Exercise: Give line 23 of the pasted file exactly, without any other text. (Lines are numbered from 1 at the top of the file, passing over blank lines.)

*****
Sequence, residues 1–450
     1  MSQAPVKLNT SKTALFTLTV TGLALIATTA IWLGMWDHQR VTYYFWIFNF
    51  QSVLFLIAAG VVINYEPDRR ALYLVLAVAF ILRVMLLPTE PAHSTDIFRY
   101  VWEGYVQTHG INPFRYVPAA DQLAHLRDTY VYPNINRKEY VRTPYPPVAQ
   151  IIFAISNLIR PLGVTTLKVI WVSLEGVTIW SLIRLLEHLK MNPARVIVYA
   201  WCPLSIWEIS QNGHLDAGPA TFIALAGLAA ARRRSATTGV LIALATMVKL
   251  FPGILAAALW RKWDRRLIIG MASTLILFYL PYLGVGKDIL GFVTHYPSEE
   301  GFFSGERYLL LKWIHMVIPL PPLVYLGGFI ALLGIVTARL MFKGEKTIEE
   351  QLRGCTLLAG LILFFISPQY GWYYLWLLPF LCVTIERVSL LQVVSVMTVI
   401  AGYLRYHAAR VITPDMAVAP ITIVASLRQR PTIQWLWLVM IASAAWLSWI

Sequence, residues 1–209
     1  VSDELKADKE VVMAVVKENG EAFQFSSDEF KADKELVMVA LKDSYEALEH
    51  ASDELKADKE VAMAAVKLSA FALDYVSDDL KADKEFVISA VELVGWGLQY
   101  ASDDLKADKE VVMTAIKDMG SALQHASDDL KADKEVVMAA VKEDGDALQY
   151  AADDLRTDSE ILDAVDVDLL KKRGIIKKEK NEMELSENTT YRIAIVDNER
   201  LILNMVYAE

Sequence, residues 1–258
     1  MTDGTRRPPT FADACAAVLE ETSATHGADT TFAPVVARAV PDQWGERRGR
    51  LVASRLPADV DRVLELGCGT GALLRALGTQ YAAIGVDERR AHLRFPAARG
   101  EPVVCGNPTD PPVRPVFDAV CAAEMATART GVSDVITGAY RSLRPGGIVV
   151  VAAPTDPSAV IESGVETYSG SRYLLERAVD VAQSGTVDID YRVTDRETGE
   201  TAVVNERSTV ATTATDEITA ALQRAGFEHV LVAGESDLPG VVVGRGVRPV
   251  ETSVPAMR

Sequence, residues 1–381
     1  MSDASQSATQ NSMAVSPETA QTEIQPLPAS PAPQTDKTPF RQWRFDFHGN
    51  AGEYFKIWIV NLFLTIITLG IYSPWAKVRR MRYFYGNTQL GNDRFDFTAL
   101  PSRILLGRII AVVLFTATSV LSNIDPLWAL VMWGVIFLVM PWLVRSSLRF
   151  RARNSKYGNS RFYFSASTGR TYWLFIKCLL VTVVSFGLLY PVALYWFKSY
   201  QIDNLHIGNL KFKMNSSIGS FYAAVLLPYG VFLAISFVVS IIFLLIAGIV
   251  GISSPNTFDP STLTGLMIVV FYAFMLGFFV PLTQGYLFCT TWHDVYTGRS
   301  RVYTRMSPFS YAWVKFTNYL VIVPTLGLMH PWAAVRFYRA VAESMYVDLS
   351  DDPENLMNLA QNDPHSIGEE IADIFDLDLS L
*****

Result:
   251  ETSVPAMR